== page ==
Rugby players’ attention to strength and conditioning regimes is one of the main reasons they are so powerful. Rugby players are notorious for not only destroying themselves on the field but also for pushing their physical limitations in the weight room. Lifting weights and practicing a range of strength workouts that target the legs, back, neck, arms, shoulders, and abs help football players build strength.
A handful of rugby players are great fans of the bench press and squat, and they can put up some impressive statistics. The All-Blacks Ben Franks is well-known for his ability to squat 300kg and front squat more than 200kg. English wrecking ball Manu Tuilagi benched 190kg.
Rugby Players Use Of Superior Body Mechanics
Rugby players may not be as strong as you initially assumed. I’ve played alongside rugby players who felt tremendously powerful on the field but never lifted weights and struggled to deadlift 225 pounds. Many rugby players appear to be so powerful because they have excellent technique and a thorough grasp of ideal body mechanics.
For example, suppose you are an average rugby player who plays for your local team and is a powerful tackler. When a former professional player joins your club, you begin practicing live tackling exercises with him. You go for your usual tackle, which has knocked many men down.
You lower your body height, drive off your rear foot, and try to make excellent shoulder contact with your new training partner, only to feel as if you’ve hit a brick wall. You bounce off the ex-pro who isn’t moving and is smiling. You’re perplexed by how powerful this rugby player is because you’re used to knocking your teammates to the ground and are known for your forceful strikes.
Let’s take a closer look at what transpired in this case. It’s not that the former pro athlete is so much stronger than your tackle stopped him from moving even slightly. When you went for the tackle, your partner was balanced, his feet were in a perfect position, he saw your attack coming, and he shoved his hips into your attack.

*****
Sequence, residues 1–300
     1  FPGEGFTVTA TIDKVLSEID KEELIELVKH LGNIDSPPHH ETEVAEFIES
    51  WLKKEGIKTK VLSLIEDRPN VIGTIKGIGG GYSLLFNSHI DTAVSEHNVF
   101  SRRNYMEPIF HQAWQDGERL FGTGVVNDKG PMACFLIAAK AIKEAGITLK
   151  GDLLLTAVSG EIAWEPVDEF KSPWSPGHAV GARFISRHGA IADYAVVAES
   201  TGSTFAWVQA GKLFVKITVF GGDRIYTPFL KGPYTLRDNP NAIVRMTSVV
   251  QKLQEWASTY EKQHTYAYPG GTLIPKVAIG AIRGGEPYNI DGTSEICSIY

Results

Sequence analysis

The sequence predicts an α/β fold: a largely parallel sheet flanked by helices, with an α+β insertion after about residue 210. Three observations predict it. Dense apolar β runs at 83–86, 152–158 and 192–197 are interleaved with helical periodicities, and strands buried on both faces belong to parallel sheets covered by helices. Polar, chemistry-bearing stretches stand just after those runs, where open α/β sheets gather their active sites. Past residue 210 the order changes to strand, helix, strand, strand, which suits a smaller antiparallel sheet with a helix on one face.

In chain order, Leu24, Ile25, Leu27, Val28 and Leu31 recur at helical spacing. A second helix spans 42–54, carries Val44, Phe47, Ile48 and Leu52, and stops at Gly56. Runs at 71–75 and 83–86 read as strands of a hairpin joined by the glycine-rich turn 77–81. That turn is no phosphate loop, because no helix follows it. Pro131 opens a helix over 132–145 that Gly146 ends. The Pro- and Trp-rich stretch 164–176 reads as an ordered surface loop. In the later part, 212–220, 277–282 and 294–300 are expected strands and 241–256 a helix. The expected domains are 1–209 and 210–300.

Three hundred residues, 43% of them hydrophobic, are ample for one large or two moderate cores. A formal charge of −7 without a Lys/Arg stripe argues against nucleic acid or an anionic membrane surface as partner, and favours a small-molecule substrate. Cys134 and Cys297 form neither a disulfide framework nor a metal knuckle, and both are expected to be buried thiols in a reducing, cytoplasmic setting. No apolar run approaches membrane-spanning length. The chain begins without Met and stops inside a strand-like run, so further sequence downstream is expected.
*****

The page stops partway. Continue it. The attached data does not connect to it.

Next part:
The former pro employed proper technique in conjunction with ideal body mechanics, creating the illusion of superhuman power.
If you had timed your tackle better and waited until your buddy was off balance before going for the major hit, he would not have felt nearly as powerful and you would have almost certainly pushed him to the ground.
Rugby players are so powerful because the sport forces your muscles to expand in order to withstand the tremendous strain placed on your neck, legs, back, arms, and shoulders. Lifting weights and completing strength workouts such as powerlifting, Olympic weightlifting, and kettlebell exercises help football players develop their muscular mass even more.
Even though rugby players are stronger and more muscular than ordinary man, their strength is exaggerated because of their technical competence, balance, and optimal use of leverage, which causes them to feel stronger than they are.